PRAVDA - Address from the President

October 28, 1996.

Are Eee Ess Pea Eee Sea Tea / find out what it means to me / R.E.S.P.E.C.T. / take care of you and me. Sock-it-to-me-Sock-it-to-me-Sock-it-to-me-Sock-it-to-me-Sock-it-to-me.

So those may be the lyrics, or they might not - no one can confirm them for me and it’s really not that important. But what is important is today’s topic: respect.

I’ve heard students complain about the treatment from some members of the London community. I myself have been treated poorly on occasion, as if I was a "second class citizen". Sure, they take our money and they hang up "Welcome Back UWO Students" signs (and keep them up until February) but we’ve often received substandard service and "negative vibes". How dare they treat us like that. University students are pillars of the community, the future leaders of Canada and responsible citizens - we deserve more respect.

But this isn’t the respect I’m talking about. Because respect is a two-way street.

I want to talk about the respect we give the members of the community - and their property. I realize some of us are better than others, but don’t pretend you don’t know what I’m talking about - we all know what can go on.

The last thing I want to do is present myself as a goody-two-shoes (where the hell does that expression come from?). On more than one occasion I have found myself talking to a fine member of the police department about the social engagement I happened to be attending. I’ve been there, done that, wrote the book and got the T-shirt. But I’d like to think I have always been careful and courteous towards the neighbours.

Some students think everyone falls into two categories: students and cantankerous old geezers whose purpose in life is to ruin all parties and good times. But your neighbours are not all geezers (although everybody has at least one). Your neighbours are single mothers struggling to raise three small children. Your neighbours are hard working people who have to work at 7 a.m. Your neighbours are upstanding members of the community who deserve your respect and consideration.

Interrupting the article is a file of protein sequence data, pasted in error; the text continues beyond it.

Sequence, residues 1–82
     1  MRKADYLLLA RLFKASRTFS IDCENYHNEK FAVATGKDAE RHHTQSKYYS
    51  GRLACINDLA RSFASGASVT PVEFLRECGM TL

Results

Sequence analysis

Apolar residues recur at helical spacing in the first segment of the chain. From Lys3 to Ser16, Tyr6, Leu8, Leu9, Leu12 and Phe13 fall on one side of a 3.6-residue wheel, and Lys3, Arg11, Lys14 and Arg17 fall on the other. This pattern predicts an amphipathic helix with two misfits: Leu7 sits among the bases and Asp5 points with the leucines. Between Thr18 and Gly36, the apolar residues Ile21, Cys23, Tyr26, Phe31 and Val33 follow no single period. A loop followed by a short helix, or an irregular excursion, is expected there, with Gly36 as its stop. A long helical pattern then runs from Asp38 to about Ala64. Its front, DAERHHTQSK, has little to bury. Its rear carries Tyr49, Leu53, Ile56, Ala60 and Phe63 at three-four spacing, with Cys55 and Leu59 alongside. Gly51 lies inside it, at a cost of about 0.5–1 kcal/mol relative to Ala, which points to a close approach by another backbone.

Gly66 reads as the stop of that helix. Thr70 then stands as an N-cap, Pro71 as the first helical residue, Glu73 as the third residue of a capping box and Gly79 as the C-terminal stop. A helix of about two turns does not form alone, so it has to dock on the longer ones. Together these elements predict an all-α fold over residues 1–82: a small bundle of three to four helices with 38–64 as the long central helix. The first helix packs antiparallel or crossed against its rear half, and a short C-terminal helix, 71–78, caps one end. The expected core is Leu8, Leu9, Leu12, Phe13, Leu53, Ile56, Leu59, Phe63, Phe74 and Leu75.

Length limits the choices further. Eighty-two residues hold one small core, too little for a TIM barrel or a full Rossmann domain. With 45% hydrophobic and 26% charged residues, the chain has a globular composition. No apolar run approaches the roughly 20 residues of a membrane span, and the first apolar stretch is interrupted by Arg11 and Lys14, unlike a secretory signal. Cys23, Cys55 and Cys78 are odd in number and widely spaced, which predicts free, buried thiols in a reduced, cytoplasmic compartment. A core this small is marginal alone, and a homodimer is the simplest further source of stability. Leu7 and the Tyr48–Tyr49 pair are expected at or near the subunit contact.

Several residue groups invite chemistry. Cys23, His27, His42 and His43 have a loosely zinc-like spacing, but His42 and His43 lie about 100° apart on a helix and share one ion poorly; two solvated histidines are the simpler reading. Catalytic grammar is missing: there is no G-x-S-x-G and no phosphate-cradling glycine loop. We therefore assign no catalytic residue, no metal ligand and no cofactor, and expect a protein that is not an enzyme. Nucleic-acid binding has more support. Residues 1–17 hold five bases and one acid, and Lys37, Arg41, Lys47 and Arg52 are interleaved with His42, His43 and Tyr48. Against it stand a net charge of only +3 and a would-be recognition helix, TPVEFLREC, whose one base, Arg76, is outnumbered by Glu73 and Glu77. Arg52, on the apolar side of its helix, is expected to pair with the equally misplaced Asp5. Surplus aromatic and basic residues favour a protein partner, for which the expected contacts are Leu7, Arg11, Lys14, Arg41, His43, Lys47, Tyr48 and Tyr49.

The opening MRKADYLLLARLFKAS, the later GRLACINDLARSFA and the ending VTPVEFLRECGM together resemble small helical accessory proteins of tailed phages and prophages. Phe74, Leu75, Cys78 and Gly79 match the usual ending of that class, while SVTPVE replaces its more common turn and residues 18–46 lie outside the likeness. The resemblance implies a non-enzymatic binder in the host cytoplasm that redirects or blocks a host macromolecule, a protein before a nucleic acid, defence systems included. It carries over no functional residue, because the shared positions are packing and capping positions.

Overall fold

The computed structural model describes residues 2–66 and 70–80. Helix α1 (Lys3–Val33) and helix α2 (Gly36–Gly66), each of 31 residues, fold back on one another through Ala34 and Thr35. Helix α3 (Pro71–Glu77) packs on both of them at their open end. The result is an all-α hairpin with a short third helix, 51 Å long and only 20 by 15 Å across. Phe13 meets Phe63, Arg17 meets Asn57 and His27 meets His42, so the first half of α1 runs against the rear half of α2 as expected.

Get to know your neighbours. Introduce yourself. Tell them if you are going to have a shindig. Maybe next time you’ll think twice about cranking the music up to 10 and they might let you know what annoys them before they call the police. I believe every student has the right to celebrate, but your neighbours have the right to a peaceful living environment.

One thing that can really irk your neighbours is garbage. Their property values are lowered by messy garbage and houses in disarray (which may or may not be the fault of an absentee landlord). I know figuring out the garbage schedule is more complicated than the SAT’s, but grab a schedule (they’re available at the USC office) and try to follow it.

Noise violations and messy garbage are annoyances, but property damage is completely different. Things have happened that are downright embarrassing: urinating on objects that shouldn’t be urinated on, egging houses, writing graffiti, stealing lawn furniture, and the general "trashing" of cars and property. Why are some people’s good taste, practical judgement and decency thrown away along with their first bottle cap? Grow up.

I hope that I don’t sound too "preachy", but we should all be reminded about being responsible citizens and members of the community. Everybody wants to be treated with respect, so try dishing some out.

On a final note, I have received some derogatory comments regarding the picture that used to accompany this column. I hope those people find this one less offensive.

Keep smiling and good luck on your midterms.

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